And as corporate demand for low-skill labor has fallen, corporate lobbying for low-skill immigration has fallen off. This in turn has changed the character of immigration advocacy, moving it away from the priorities of low-wage employers, such as the creation and expansion of guest-worker programs, towards a greater emphasis on the rights of immigrants to reunite with their family members and, in intellectual circles, certainly, humanitarian calls for low-skill immigration as a vehicle for the uplift of the global poor. (Peters, for instance, concludes her book by offering a moral defense of open borders.) Mind you, economic self-interest still plays a role in the coalition for low-skill immigration: Affluent professionals, for example, greatly benefit from an abundance of low-skill immigrant labor, as it makes it cheaper for them to outsource household production, while they’re potentially disadvantaged by the arrival of high-skill immigrants capable of competing with them for high-wage, high-status jobs. But such arguments increasingly play second fiddle to more emotionally resonant appeals centered on the moral worthiness of immigrants themselves.

Protectionism, however, has the potential to change the political equation. Whereas import competition has lessened corporate America’s dependence on low-skill immigration, protectionism would almost surely increase it.

High tariffs offer a lifeline to low-skill, labor-intensive business models that couldn’t otherwise withstand import competition. Moreover, tariff protection might delay the adoption of labor-saving technologies, for the simple reason that while import competition forces firms to seek productivity gains, its absence gives them breathing room. Under these favorable circumstances, the main threat to profitability would be rising wages for low-skill workers, which can be contained—and here we come full circle—by low-skill immigration. It stands to reason that industries shielded from import competition would be more inclined to lobby in favor of low-skill immigration than those that are exposed to it. We see a hint of this dynamic in the notoriously inefficient construction sector, which has long been heavily reliant on low-skill immigrant labor. Things would undoubtedly be different if U.S. consumers could import buildings from abroad as easily as we import smartphones, but that’s still a long way off.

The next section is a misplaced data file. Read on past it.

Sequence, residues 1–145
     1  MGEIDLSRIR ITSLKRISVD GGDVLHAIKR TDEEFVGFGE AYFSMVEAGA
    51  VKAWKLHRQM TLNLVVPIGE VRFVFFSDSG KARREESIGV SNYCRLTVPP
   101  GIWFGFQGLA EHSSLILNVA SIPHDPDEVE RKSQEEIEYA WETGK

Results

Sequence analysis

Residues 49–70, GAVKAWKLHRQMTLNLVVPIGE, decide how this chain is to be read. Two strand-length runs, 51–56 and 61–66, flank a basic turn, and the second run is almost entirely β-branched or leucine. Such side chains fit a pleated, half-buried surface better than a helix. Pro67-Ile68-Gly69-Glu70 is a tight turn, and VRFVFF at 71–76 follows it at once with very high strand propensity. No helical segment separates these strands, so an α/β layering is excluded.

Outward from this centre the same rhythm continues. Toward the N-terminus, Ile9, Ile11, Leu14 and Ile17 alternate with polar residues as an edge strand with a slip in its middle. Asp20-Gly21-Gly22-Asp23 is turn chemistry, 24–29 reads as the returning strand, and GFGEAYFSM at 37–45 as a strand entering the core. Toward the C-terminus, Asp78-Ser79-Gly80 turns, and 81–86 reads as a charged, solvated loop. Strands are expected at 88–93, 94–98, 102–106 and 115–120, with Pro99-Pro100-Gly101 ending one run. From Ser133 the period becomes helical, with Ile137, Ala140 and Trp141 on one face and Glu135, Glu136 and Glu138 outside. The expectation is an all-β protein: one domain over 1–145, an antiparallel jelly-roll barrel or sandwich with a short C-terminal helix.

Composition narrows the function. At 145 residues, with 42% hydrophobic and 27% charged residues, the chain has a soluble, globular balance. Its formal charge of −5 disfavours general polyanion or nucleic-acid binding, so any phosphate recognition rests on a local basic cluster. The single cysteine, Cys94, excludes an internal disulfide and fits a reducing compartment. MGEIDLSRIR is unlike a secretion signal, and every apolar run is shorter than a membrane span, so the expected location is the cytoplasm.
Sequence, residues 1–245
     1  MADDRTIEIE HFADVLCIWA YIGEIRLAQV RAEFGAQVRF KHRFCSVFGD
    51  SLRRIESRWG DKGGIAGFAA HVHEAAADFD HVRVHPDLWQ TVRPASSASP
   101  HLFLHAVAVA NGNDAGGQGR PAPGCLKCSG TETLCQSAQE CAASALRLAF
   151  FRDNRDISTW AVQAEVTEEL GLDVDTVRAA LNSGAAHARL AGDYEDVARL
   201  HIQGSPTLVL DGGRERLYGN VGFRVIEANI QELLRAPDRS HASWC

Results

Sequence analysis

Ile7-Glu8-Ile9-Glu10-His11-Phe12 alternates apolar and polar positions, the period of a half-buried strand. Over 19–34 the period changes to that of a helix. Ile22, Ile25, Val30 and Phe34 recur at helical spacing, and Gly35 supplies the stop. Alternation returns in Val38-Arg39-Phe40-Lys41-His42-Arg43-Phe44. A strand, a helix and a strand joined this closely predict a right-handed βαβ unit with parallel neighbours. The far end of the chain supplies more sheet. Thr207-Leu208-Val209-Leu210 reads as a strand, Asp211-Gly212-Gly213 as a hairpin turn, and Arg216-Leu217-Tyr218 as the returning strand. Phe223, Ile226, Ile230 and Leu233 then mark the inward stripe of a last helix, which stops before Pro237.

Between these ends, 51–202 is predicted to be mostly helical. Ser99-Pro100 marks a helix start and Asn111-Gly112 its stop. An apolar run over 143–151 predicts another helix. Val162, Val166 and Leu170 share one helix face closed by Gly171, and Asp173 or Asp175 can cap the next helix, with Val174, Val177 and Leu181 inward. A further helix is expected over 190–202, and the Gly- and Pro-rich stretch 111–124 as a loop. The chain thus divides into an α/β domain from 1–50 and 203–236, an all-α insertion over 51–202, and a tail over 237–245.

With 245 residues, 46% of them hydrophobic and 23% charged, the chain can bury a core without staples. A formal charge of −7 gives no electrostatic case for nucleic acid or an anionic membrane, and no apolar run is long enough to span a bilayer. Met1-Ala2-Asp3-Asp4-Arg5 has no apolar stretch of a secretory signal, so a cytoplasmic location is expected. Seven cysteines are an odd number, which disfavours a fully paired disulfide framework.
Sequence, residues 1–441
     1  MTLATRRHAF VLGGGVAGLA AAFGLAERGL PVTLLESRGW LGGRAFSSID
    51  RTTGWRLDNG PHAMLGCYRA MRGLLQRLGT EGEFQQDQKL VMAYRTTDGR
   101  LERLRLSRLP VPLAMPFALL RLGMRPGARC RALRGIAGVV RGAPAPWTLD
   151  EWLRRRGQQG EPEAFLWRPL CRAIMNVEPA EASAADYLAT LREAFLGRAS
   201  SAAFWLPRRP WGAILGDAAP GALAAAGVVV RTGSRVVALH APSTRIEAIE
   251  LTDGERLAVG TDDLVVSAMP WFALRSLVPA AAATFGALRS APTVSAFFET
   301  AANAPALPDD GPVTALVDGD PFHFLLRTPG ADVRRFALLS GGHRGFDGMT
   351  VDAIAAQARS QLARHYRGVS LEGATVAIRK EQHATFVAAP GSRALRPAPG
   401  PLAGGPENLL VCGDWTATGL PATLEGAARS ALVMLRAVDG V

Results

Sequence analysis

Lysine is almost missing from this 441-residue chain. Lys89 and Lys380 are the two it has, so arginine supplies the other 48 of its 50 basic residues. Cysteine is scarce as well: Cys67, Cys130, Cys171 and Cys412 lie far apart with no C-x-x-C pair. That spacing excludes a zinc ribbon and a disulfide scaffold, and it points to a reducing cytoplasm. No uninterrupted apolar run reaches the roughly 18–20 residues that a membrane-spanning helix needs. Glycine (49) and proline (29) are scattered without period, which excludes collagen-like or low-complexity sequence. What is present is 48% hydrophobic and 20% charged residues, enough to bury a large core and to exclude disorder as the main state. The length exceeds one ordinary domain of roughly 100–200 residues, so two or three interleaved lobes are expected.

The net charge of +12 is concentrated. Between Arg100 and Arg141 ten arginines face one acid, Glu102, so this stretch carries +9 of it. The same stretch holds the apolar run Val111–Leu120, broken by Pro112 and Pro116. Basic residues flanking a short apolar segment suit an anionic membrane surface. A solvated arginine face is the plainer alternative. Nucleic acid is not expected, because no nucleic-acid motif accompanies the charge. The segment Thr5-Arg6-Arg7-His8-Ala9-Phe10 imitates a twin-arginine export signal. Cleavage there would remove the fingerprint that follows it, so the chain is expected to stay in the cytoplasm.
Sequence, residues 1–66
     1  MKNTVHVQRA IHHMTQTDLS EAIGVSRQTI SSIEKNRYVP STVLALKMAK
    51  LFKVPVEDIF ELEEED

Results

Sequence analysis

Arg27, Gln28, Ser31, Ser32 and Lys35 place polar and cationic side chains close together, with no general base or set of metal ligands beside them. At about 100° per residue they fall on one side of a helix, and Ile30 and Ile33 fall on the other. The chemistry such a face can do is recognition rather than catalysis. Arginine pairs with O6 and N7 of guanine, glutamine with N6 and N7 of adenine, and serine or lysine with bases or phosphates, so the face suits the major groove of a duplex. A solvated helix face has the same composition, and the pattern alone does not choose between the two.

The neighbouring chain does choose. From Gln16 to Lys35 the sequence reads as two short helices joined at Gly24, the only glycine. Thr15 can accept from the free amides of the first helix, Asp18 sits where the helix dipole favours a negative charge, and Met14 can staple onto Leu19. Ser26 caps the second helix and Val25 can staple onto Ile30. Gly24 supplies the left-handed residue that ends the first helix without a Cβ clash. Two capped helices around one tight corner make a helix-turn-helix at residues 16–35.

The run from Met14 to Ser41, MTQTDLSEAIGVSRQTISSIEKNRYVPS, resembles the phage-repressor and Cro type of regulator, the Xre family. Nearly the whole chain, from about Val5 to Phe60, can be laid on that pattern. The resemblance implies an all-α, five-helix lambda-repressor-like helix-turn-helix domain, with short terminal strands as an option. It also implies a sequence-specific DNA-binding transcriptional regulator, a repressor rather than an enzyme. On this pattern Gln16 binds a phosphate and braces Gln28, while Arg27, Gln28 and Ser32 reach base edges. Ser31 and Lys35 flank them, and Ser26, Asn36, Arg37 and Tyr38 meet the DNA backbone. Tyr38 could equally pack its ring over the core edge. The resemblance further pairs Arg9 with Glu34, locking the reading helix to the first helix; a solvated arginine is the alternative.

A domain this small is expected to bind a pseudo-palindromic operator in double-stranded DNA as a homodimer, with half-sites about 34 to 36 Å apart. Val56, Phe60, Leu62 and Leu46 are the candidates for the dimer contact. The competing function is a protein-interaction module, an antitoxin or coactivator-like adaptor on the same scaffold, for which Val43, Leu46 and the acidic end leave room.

So is this what Trump wants: to embrace protectionism, and to supercharge corporate America’s appetite for low-skill labor? There is, I’ll admit, a certain logic to this position. If the main objective of economic nationalism is to prevent the loss of existing low-wage jobs, increasing low-skill immigration is a decent way to do it. At high enough levels of it, no one would even bother to work on self-driving cars and delivery drones, as chauffeurs and bicycle messengers could be had at cut-rate prices. Indeed, in the absence of low-skill immigration, many of today’s low-wage jobs—in agriculture, garment manufacturing, meatpacking, and retail—would already be done by machines or by workers overseas. Perhaps the pro-tariff wing of the Trump administration dreams of a future in which a dwindling number of low-skill U.S. citizens serve as the superintendents of vast armies of low-skill guest-workers, who’d do work with their hands that is now done by machines, or in the teeming factories of the developing world. It’s an intriguingly inegalitarian vision that scratches the same itch as the liberal imperialism of yesteryear.

But I’m skeptical that this vision would have much purchase among America’s economic nationalists. I suspect that the real driving force behind economic nationalism isn’t a desire to preserve today’s low-wage jobs in aspic, but rather to ensure high and rising living standards for all Americans, and to prevent the emergence of a new underclass. And if that’s so, economic nationalists have a vested interest in keeping our country open to trade.

We want to hear what you think about this article. Submit a letter to the editor or write to letters@theatlantic.com.